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How to blog for a planet

Hmm. Planet MySQL was close to unreadable for me this morning. Also, I had a technical discussion on writing style with a colleague just a few weeks ago, so I might as well take what I explained to him and put it into a form suitable for Planet MySQL. Please note that this is how I see things. This may or may not coincide with Arjen's view or the view of MySQL AB.

If you write blog entries for a blog that is being picked up by a planet, you are writing for a larger audience that for your own blog, and that audience may have other goals and intentions than regular readers of your blog. Here are a few things to keep in mind:

Regular readers of your blog are coming specifically to you because they share a lot of interestes with you regarding the topics you cover. You can go into a lot of depth and you can assume a lot of context.

When your blog is being picked up by a planet, things are different - a lot different.

The planet that picks up your entries is for its readers an overview of an entire field, often aggregating the RSS feeds from more than a hundred blogs. For the readers of the planet, the planet is the morning news, starting their workday. The planet will contain a lot of articles, some of them of no interest at all to the reader, some of them of cursory interest ("interesting to know that this feature exists") and some of them right on target. The objective of the planet is to aggregate news on a subject or field of interest, and to provide a daily overview to the planets readers.

The planet will link to your articles, and that is where you can provide the depth.

This has a few implications on your writing style in your own blog:
  • Make sure your blog has facilities for you to distinguish between teaser and article body.
  • Make sure you feed only the teaser to the planet, and not the full articles body.
  • Make sure you are writing the teaser in a way that it can be rendered "context free". That is, make sure the teaser markup is self-contained and makes no essential refereces to stylesheets or other layout objects only present on your blog. It should look good in your blogs template, but it must also be reasonably readable in the planets template.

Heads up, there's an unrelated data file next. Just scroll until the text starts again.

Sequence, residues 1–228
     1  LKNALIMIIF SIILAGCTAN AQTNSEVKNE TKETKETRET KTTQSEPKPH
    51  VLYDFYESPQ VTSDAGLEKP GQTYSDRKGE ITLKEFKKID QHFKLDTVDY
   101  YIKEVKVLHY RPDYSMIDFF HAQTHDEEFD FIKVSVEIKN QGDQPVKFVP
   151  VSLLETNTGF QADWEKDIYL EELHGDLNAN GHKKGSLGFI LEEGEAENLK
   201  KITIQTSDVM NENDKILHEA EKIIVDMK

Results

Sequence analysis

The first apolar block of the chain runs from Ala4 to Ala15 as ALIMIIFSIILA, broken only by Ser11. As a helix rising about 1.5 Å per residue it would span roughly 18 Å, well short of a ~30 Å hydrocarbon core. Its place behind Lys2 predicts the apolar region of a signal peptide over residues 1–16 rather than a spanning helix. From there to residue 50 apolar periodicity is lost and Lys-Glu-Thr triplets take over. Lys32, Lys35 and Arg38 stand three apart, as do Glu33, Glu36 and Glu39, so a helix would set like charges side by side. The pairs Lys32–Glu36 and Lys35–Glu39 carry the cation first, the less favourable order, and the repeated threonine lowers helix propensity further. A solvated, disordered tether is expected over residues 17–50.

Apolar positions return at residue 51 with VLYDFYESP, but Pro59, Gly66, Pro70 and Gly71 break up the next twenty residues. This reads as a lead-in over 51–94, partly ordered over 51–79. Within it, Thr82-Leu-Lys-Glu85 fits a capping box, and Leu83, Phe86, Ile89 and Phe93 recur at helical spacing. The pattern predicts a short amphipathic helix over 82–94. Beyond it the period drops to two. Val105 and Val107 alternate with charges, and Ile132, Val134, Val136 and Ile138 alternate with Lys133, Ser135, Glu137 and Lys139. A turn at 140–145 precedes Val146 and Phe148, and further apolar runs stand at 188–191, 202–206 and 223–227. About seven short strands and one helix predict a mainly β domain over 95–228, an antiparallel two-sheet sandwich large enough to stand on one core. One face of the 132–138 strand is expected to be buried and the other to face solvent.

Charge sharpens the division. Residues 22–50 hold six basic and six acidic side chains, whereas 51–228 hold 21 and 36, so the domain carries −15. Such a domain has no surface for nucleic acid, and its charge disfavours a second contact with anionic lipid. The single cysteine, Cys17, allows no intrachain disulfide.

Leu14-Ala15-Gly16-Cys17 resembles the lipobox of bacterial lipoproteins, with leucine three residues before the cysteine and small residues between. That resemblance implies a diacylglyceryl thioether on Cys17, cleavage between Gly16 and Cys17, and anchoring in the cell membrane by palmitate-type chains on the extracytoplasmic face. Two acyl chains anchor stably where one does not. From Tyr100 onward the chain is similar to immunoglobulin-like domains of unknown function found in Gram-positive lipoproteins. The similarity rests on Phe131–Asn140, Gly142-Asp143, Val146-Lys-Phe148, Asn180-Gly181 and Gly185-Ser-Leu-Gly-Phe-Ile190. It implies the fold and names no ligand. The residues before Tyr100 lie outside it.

• Make sure you are writing the teaser in a way that in can be understood "context free". That is, make sure you are writing the teaser for the casual reader. Make clear, what the article is about and why a planets reader should have a glance of the rest of the article. Who is your intended audience, when should they read your article and what do you expect them to know beforehand? What will they learn?
  • Keep the teaser short. The planet can only work properly if you provide room for 2-3 teasers to be visible in the planets layout at the same time.
The planets mission is overview, and preselection. Give it a chance!

Not using port 25 to send mail

When you are a road warrior, you will be using a lot of different internet connections from a lot of different providers. Sending your mail can be an adventure, because more and more services block outgoing connections using port 25 in order to prevent infected machines from sending spam.

Fortunately, there are alternatives, and I am not talking webmailers here. Most company mailers and freemail servers now offer their services on ports 587 (submission) and 465 (smtps) as well.

Submission is basically SMTP with AUTH SMTP requirement moved to a different port. Very often it is combined with STARTTLS for encryption to protect the passwords transported in authentication. You can test submission manually using the openssl command line client, if you are using openssl 0.9.7 or higher:
$ openssl s_client -starttls smtp -connect
This will start a regular SMTP dialogue with the SMTP AUTH mailer on port 587.

To test SMTPS (SMTP via SSL tunnels), try this instead:
openssl s_client -connect

Most mailers, including Thunderbird and Kmail, have no problem at all dealing with these mailer definitions, or will even use them automatically if you check the "use TLS" or "use SSL" checkboxes with them.

Also note that IMAPS (port 993) and POP3S (port 995) are also available with most services. We do have 2006. Unencrypted communication is never necessary, and a hotel firewall should not be blocking you from phoning home.